The first part of the letter is a copy of Peter Collinson’sCollinson, Peter (1694-1768).
British. Merchant and amateur naturalist
in London, corresponded with many
scientists. Correspondent of Linnaeus. letter to Jacob Theodor KleinKlein, Jacob Theodor
(1685-1759). German. Naturalist,
Dresden and Danzig. Director of the
Danziger Naturforscher-Gesellschaft. One
of Linnaeus’s opponents. Correspondent
of Linnaeus. , [Collinson to Klein, 6 March 1758Letter L5480]. It deals mainly with the issue of the hibernation of swallows.
After this text, Collinson asks Linnaeus to have the letter translated into Swedish and read to the Royal Society of Sciences at Uppsala [Kungliga Vetenskaps-Societeten i UppsalaKungliga Vetenskaps-Societeten i
Uppsala, Swedish. The Royal
Society of Sciences at Uppsala was
founded in 1728. ], where Collinson is a member. Collinson hopes that the report could bring forward some reliable witnesses to the facts in this matter, which would have greater weight than the reports of simple farmers and fishermen.
Collinson sends a box meant for Peter BorgströmBorgström, Peter (?-1775).
Swedish. Probably secretary at the
Swedish East India Company.
Correspondent of Linnaeus. , who could translate Collinson’s text into Swedish.
Collinson is very glad that Patrick Browne’sBrowne, Patrick (1720-1790).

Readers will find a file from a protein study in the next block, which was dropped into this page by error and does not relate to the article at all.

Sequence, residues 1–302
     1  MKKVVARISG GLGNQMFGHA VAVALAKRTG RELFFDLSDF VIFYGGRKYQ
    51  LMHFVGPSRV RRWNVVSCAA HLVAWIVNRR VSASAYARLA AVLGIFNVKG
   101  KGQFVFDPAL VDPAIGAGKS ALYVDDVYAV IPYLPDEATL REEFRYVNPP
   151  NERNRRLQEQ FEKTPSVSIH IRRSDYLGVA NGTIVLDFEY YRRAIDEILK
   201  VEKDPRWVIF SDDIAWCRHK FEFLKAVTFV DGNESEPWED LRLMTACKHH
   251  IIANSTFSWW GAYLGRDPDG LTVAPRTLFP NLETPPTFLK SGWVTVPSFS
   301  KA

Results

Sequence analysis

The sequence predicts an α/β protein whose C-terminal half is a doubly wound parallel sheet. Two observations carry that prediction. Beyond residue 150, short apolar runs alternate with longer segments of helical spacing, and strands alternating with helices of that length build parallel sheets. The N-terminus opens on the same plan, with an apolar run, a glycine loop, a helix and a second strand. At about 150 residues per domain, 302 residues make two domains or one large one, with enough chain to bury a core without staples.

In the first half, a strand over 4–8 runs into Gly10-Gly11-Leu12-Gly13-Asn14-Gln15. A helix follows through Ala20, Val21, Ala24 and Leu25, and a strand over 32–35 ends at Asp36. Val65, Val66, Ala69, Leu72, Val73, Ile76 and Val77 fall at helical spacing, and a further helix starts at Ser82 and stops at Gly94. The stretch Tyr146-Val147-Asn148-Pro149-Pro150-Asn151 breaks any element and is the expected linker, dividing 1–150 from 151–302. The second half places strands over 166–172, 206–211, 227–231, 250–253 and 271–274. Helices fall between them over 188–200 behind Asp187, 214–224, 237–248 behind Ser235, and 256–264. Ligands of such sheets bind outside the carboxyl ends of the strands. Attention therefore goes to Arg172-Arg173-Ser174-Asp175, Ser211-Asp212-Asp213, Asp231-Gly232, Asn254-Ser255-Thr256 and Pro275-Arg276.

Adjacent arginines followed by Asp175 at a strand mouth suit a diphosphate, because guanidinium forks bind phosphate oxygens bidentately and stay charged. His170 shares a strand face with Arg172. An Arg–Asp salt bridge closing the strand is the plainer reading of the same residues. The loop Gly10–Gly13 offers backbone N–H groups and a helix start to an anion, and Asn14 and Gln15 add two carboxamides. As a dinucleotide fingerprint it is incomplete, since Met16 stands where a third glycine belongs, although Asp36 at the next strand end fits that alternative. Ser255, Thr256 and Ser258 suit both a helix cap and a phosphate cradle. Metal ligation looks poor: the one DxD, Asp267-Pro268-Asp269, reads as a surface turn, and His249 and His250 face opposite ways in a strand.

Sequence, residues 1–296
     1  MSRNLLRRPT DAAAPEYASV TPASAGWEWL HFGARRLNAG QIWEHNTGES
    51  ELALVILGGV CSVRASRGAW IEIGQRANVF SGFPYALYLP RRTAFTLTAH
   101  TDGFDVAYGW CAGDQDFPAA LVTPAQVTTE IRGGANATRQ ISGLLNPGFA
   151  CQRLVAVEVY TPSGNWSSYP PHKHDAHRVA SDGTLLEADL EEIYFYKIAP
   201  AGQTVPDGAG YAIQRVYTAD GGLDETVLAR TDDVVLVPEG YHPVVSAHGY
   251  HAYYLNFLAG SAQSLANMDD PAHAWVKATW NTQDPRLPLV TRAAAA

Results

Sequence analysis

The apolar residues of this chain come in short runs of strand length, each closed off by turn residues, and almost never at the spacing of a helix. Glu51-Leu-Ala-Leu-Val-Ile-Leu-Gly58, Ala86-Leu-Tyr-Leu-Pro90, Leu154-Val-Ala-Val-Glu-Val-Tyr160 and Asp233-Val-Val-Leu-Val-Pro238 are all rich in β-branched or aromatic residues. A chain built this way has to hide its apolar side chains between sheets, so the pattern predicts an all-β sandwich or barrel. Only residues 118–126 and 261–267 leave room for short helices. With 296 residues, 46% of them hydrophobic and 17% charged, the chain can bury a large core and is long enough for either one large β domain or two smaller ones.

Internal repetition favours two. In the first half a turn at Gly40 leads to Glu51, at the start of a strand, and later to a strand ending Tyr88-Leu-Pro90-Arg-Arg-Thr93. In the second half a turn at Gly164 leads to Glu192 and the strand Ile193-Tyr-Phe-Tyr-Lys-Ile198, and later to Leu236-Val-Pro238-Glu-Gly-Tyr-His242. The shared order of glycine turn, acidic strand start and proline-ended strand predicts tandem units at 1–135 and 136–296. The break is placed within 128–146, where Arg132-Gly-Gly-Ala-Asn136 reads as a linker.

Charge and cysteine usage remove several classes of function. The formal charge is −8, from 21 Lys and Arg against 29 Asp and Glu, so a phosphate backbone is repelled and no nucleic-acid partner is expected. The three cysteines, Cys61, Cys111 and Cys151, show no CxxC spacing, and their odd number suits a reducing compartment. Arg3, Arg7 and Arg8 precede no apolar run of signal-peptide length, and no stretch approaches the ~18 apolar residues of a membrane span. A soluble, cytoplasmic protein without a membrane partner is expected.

Irish. Botanist who made six voyages to
the West Indies. In 1756 he published
The Civil and natural history of
Jamaica (1756). Correspondent of
Linnaeus. specimens have reached Linnaeus [Collinson refers to the Jamaican Herbarium collected by Browne, and purchased by Linnaeus], as Linnaeus told him in his letter of July 19 [this letter has not come down to us], and that Linnaeus was very pleased to have them. Collinson is sending a box and a paper package with a specimen of Richard Warner’sWarner, Richard
(1711/1713?-1775). British. Classicist
and botanist. Correspondent of Linnaeus.
Jessamine [Gardenia florida; see also Warner to Linnaeus, 15 July 1758Letter L2372] by Captain. Fisher [Johan J. FischerFischer, Johan J. Swedish?.
Sea-captain. ] in Stockholm, which he hopes could please Linnaeus.
Collinson is glad at Linnaeus’s success with Nitraria or Cassia poetica.
Collinson is surprised to hear that Browne is in Portugal.
Collinson asks Linnaeus to send him Fredrik Hasselquist’sHasselquist, Fredrik
(1722-1752). Swedish. Physician and
naturalist, explorer. Studied under
Linnaeus and Lars Roberg 1741-1749. Went
to Egypt, Syria, Palestine, Cyprus,
Rhodes and the island of Chios. Died
near Smyrna. Son of Magnus and Helena
Maria Hasselquist, brother of Andreas
Hasselquist. Correspondent of Linnaeus. travel report [Collinson refers to Iter Palaestinum eller resa til heliga landetHasselquist, Fredrik Iter
Palaestinum eller resa til heliga
landet (Stockholm 1757). ].
Collinson has paid John EllisEllis, John (1711-1776).
British. Merchant and naturalist, expert
on zoophytes. Correspondent of Linnaeus.
Philip MillerMiller, Philip (1691-1771).
British. Gardener of the Chelsea Physic
Garden. Corresponded with many
botanists. His rich herbarium was sold
to Joseph Banks. Correspondent of
Linnaeus. encloses a package, which Collinson has put inside the box.